Louis Jourdan continued to find success in Hollywood throughout the 1940s and '50s in movies such as "Letter From An Unknown Woman," "Three Coins In The Fountain," and two Vincente Minelli features: "Madame Bovary" and "Gigi," the latter of which won nine Oscars including Best Pitcure. He worked steadily over the next few decades, frequently appearing in TV movies and series guest-starring roles, before landing »
- Katie Roberts
"Louis Jourdan, a handsome, sad-eyed French actor who worked steadily in films and on television in Europe and the United States for better than five decades, as a romantic hero in movies like Gigi and later as a suave villain in movies like Octopussy, died on Friday at his home in Beverly Hills," reports Terrence Rafferty in the New York Times. We also remember Lizabeth Scott, star of films noir in the 1940s and 1950s; screenwriter Stewart Stern (Rebel Without a Cause, Rachel, Rachel and Sybil); media journalist David Carr; actor Bryant Crenshaw (Gummo); and writer and producer Robert Blees (Magnificent Obsession). » - David Hudson »
French film and TV actor Louis Jourdan has died at the age of 93.
After appearing in several French films, Jourdan starred in Alfred Hitchcock’s "The Paradine Case" in 1947 and shot various films over the next decade including "Madame Bovary," "Decameron Nights," and "Three Coins in the Fountain".
In 1958 he had his big break as a playboy in the musical "Gigi," which scored him a Golden Globe nomination. It also led to plenty of film and TV projects including 1961's "The Count of Monte Cristo," "To Commit a Murder," "Swamp Thing" and his final film "Year of the Comet".
However he's probably best remembered for his role as the exiled Afghan prince and villain Kamal Khan in the often underrated yet memorable Roger Moore-led 1983 James Bond film "Octopussy". The actor is one of the few to have two stars on the Hollywood Walk of Fame for his work.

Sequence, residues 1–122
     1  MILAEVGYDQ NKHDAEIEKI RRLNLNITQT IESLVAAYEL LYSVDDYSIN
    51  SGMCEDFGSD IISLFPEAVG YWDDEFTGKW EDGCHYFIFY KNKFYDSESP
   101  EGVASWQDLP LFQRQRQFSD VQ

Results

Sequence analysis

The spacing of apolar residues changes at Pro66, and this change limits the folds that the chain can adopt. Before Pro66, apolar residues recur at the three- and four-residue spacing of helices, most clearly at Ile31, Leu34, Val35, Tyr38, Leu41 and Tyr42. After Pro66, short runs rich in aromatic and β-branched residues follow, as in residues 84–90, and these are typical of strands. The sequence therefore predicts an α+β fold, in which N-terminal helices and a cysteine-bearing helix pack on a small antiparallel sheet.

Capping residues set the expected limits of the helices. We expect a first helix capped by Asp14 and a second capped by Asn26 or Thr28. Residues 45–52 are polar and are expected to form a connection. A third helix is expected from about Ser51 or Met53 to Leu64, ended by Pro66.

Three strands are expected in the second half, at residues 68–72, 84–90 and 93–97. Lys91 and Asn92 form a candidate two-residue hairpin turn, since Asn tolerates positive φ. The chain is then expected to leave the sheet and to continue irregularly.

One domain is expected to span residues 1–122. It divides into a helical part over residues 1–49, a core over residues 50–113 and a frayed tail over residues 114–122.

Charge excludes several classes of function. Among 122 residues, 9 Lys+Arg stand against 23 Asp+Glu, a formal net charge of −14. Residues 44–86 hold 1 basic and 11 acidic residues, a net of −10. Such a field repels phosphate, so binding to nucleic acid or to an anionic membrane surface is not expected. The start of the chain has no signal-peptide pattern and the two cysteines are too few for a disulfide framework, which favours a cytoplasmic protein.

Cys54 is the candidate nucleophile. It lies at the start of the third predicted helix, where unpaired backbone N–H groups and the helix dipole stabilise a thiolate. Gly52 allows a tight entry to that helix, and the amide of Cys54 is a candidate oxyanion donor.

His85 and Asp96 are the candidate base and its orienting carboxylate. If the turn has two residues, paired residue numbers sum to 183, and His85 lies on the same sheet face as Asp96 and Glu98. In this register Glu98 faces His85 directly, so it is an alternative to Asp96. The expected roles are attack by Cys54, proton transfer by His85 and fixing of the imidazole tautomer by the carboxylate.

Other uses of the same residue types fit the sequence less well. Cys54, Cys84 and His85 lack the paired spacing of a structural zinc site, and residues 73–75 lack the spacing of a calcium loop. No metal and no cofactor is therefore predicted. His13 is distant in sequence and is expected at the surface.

Jourdan met »
- Garth Franklin
Louis Jourdan -- who played Afghan prince Kamal Khan in "Octopussy" -- has died at the age of 93. Jourdan reportedly died at his home in Beverly Hills Saturday ... but details surrounding how he passed weren't immediately available. The French actor also famously played the role of Gaston in "Gigi" ... and his character Khan in the James Bond flick will go down in history as one of 007's best adversaries. In 2010, Jourdan was awarded the Legion d'Honneur in L. »
- TMZ Staff
For audiences in the 1940s and 50s, Louis Jourdan’s incredible good looks and mellifluous Gallic purr seemed to sum up everything that was sexy and enticing about Frenchmen. As a result, he became the most sought-after French actor since Charles Boyer. Though perhaps this hampered him, stymying opportunities to extend his dramatic range, any actor who was constantly in demand by both French studios and Hollywood producers had a lot to be grateful for.
When Jourdan, who has died aged 93, played the consummate bon vivant in Vincente Minnelli’s Gigi (1958), he became an international celebrity. The film, which co-starred Maurice Chevalier and Leslie Caron, won nine Oscars, including best picture. Though the best-known of its Lerner and Loewe numbers was Chevalier’s Thank Heaven for Little Girls, »
- Michael Freedland
Louis Jourdan, a veteran actor who starred in such films as “Gigi” and “Octopussy,” died in Beverly Hills at age 93, his friend and official biographer Olivier Minne said Sunday. “He embodied French elegance and Hollywood offered him the parts to go with that,” Minne told news agency Agence France Press. Also Read: Hollywood’s Notable Deaths of 2015 (Photos) The actor died of natural causes at his Southern California home on Saturday, Minne said. Jourdan was born Louis Robert Gendre in Marseille, France in 1921, and studied at the École Dramatique. He was best known for his role in the 1958 musical “Gigi” and as. »
- Wrap Staff